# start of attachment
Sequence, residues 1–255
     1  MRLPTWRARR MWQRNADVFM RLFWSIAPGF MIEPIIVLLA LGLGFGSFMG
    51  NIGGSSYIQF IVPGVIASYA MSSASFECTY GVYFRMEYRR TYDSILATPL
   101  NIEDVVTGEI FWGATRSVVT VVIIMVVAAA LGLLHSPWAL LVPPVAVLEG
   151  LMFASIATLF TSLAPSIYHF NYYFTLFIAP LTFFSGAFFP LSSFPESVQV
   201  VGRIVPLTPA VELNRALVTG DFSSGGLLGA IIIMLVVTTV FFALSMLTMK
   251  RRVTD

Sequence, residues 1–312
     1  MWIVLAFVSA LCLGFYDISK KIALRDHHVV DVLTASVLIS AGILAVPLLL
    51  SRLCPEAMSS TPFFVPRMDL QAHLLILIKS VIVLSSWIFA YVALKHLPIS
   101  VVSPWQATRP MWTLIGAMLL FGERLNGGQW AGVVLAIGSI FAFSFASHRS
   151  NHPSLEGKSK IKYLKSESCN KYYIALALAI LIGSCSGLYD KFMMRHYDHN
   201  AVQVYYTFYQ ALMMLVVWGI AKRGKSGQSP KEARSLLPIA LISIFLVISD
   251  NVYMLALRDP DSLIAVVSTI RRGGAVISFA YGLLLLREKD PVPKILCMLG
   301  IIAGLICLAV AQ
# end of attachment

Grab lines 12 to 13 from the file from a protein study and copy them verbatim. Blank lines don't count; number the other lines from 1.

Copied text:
   151  NHPSLEGKSK IKYLKSESCN KYYIALALAI LIGSCSGLYD KFMMRHYDHN
   201  AVQVYYTFYQ ALMMLVVWGI AKRGKSGQSP KEARSLLPIA LISIFLVISD